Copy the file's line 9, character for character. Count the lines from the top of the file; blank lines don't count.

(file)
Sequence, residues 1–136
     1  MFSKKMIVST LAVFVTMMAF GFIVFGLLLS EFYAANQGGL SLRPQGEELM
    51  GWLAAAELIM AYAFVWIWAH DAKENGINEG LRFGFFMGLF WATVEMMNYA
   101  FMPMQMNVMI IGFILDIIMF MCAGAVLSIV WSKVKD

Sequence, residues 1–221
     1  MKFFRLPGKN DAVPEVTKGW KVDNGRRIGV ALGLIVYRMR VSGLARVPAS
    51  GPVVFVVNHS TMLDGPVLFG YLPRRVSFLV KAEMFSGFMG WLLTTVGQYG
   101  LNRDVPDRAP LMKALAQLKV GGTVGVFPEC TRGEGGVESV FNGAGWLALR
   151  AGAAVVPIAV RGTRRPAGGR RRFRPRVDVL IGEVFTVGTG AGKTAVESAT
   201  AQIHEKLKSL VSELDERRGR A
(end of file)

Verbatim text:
   151  AGAAVVPIAV RGTRRPAGGR RRFRPRVDVL IGEVFTVGTG AGKTAVESAT